Friday, July 22, 2011

Car Seat Safety - Overview



Over the next couple of days, we will be covering Car Seat Safety for children.  As we found out during our research into the topic, lots of folks have distinctive view on what is and what they believe is right.  In general, we would consider that fine – but large percentages are putting their children and selves at risk.

As with most of our articles in July and with those planned for August are on Safety – Central Theme Safety First!

Infant and child car seats save lives. The laws in each state are different. Most states require them for all children under age 4 and those weighing less than 40 pound. But some states require car seats to be used for children up to age 6 or 60 pounds.

A child who is not in a car seat can be seriously injured or killed during a crash or an abrupt stop, even at low speeds. A parent's arms are not strong enough to hold and protect a baby during a car accident. Many unrestrained children die because they are torn from an adult's arms during an accident.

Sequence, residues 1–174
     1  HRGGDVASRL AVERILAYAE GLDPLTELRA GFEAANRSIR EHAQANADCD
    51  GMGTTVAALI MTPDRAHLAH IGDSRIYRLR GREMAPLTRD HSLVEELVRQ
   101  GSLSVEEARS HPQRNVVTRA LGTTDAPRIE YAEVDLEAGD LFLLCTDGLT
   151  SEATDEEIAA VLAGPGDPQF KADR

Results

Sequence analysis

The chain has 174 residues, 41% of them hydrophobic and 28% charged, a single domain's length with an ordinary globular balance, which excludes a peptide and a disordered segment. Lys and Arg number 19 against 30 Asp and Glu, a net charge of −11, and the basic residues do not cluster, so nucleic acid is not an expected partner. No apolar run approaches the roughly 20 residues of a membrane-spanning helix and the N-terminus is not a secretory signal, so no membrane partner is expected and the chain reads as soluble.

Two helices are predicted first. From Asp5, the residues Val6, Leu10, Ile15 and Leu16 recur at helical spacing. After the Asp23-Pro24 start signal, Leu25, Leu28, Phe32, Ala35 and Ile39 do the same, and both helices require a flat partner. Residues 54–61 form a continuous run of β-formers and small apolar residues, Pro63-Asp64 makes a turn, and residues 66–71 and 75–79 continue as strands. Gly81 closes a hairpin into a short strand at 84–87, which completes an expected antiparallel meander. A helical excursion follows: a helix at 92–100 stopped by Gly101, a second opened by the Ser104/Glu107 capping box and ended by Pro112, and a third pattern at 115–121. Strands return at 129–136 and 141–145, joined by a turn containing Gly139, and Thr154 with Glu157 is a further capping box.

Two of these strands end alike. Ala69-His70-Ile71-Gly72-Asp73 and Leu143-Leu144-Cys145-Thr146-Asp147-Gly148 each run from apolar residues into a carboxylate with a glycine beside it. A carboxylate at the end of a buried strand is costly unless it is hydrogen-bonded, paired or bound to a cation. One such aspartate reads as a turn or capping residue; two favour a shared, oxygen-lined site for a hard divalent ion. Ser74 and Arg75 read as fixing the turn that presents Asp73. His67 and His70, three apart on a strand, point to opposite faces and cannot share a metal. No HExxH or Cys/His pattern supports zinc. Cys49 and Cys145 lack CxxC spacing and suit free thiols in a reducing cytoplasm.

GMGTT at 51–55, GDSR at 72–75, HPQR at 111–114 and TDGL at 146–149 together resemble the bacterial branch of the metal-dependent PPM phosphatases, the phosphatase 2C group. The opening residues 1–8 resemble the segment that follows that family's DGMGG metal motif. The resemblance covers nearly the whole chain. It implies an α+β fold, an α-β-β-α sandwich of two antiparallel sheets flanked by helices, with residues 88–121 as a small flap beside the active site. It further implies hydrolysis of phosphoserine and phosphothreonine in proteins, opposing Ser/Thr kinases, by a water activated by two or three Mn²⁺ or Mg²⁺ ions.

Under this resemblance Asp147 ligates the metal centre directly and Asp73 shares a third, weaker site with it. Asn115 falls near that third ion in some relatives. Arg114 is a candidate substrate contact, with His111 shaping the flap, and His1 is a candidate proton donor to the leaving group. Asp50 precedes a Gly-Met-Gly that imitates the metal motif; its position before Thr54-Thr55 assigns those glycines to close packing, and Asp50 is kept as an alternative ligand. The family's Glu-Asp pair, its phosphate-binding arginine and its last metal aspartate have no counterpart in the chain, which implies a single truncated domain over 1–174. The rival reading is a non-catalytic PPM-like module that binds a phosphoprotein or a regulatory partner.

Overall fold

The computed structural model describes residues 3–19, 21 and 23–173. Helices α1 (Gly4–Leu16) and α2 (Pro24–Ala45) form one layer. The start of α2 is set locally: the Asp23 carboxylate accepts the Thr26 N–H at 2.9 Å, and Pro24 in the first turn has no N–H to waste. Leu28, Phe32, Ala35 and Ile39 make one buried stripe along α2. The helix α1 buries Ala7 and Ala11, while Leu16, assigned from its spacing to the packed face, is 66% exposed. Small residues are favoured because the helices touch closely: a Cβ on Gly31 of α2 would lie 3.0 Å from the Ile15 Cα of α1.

Here are some sobering statistics for parents: Motor vehicle crashes kill more children ages 14 and under than anything else, claiming nearly 2,400 lives and resulting in approximately 270,000 injuries each year. The vast majority of those crashes occur within 25 miles of home, and most occur on roads with posted speed limits of 40 mph or less. (edmunds.com)

The key to keeping your child safe when riding in a car is to use an age-appropriate child restraint that is properly installed and properly used. Proper restraints for your child when riding in a car depend on his age and size. (Children’s Hospital)

Perhaps the most important investment you can make in your child's future is a child safety seat. A child safety seat prevents your child from being thrown about or out of the vehicle.  Most communities have free Care Seat Safety Inspections- so find one close to your home and have them inspected!

Please take a few minutes to take the quiz and join us tomorrow for part two of this series.  Thank you.

References and good links:


3.       A wide variety of training programs are available on child passenger safety.

4.    National Highway Traffic Safety Administration (www.nhtsa.gov)

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